I was speaking with my Lithuanian friend who told me that he and his friend read my posts about my mum, and that it was unusual a child has so much love for a parent, expressing it in the way I do. My friend is a good guy, who said my writing brought him warmth because many children do not write or speak of a parent the way I do. It was because of his comments that I began thinking about the relationship between a child and his/her parent(s), reflecting on my upbringing.
I remember as mum drew her last breath in Liverpool, I knew I would never again have that unconditional love she gave me. That only a mother, or father, can give. My siblings and I were raised single-handily by our mum, so my experiences and memories of parenting are solely of my mum. Many have asked me over the years what has it been like not having a father around, the truth be known, I’ve never gone without. Equally, I was not alone in this experience. My ten siblings and I share the same story, although it’s important I only tell mine. Mum had a different relationship with each of her ten children, and it’s not for me to try and second-quess these. That said, I know my brothers and sisters miss our mum as much as I do in their own way. I’m just much more vocal about expressing my love for her. It doesn’t make my love any more important, or theirs any less.
As I sit here now without either a mum or dad around, I’ve never felt cheated by life. I know how lucky I am and have been, blessed in fact, to have been loved by a woman whom I adore.
To me, mum was often the equivalent of ten parents with her love and that is why I write and speak so fondly of her. I cannot think of a single time an ill-word about her has passed my lips. She was my teacher of life and I am the man I am because of her, her love and nurturing of me. But I know not everyone has been this fortunate, and I say this even after cancer has taken mum away from my ten siblings and I. Unlike some of my friends, I’ve never been around the divorce of parents which can leave a bitter taste in the mouth of their children. Simply because, we only had a mum raising us in inner-city Liverpool. I spoke with my London friend earlier and she too, like my Lithuanian friend, commented that the majority of her friends probably disliked their parents than liked. It’s this I find unusual, because it’s not my lived experience. Like some find my love for my mother.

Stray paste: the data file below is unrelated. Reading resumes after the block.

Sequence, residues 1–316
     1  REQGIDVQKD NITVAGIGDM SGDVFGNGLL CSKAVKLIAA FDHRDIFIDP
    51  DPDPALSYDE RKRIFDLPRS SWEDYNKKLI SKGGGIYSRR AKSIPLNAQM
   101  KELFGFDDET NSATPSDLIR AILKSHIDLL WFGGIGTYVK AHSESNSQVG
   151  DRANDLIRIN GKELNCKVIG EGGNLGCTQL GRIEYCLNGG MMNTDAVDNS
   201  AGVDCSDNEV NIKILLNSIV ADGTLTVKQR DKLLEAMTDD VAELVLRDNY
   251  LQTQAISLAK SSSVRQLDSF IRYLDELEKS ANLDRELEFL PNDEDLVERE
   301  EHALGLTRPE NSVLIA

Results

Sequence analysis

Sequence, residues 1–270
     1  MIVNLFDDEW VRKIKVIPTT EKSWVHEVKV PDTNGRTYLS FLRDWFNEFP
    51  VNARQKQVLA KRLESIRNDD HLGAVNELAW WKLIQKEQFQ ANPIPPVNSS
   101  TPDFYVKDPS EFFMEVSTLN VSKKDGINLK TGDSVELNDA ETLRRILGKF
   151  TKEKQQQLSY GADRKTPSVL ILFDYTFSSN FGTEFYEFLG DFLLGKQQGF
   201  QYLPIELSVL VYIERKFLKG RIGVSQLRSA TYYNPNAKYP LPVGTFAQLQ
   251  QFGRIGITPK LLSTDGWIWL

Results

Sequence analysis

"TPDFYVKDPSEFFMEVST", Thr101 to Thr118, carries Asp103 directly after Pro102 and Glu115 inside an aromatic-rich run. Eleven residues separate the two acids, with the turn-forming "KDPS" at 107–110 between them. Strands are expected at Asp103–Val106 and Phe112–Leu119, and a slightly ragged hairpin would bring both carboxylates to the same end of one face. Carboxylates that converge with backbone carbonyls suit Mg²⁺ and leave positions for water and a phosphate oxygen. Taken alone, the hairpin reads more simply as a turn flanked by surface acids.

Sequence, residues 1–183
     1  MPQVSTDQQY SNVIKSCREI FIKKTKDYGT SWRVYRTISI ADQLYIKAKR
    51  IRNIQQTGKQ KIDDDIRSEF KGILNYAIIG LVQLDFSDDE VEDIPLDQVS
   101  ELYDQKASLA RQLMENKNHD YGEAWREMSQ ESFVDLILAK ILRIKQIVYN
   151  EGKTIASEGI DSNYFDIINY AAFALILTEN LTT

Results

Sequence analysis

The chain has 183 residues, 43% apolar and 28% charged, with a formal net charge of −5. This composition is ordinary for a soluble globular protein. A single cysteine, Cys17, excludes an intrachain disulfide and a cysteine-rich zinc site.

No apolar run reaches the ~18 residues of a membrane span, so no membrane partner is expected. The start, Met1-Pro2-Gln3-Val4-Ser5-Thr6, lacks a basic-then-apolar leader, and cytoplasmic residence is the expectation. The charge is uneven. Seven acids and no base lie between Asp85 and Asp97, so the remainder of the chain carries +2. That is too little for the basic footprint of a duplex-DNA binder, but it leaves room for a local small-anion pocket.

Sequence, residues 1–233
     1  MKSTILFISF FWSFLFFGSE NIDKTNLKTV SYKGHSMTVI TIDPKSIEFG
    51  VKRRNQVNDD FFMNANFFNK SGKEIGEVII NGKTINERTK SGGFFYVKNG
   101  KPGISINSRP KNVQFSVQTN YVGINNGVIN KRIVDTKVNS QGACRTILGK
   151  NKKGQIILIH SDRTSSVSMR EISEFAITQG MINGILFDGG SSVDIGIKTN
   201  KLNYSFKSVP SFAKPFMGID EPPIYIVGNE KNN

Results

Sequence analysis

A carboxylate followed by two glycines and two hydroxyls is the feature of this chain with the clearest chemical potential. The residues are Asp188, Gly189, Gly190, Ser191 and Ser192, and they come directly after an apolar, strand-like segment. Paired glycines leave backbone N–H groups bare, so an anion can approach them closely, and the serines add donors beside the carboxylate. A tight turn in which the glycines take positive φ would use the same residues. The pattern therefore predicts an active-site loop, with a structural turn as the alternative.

Life is not a competition of who loves their parents more or less, and I guess all we can do is share our experiences of our relationships for better understanding of how the other half lives. I’m a black gay man who was raised by a white woman and I like sharing this with others because I’ve always been around difference, which has been a good thing for me and my development in life.
The night before mum died and I spooned her first and last dose of the pain medicine morphine, I sang her my favourite song which she loved, “I Just Called to Say I Love You” by Stevie Wonder:
But what it is, is something true
Made up of these three words that I must say to you
I just called to say I love you
I just called to say how much I care
I just called to say I love you
And I mean it from the bottom of my heart.
The next day she closed her eyes for the last time, surrounded by her children, never to wake again.
Mum’s life was cut short by cancer, but I say it often that my siblings and I try to remember that she had lived a good and rich life. Although she was only 67 years old when she died, she has left a great legacy with many grandchildren and great-grandchildren who all adore her. Just recently my beautiful niece in Liverpool wrote to me to tell how she had placed a picture of her nan along with her mum’s grandmother in a locket around her neck. As an uncle, that made me proud. Proud that my mum’s memory lives on, not only through me, but through the generations that follow her.
My great nieces and nephews never had the opportunity to meet their great nan and the same will be for their children, but I’m sure they too will learn to know what a beautiful lady she was. Through me and the book I am drafting about her after I publish my first, I will never let her memory die.
No person is perfect, but for me mum was not far off from being so.
As I held her hand for the last time back when I was 26 years old, I felt a sense of finality, not only in the loss of my sole parent, but also in the loss of that love only a mother can give.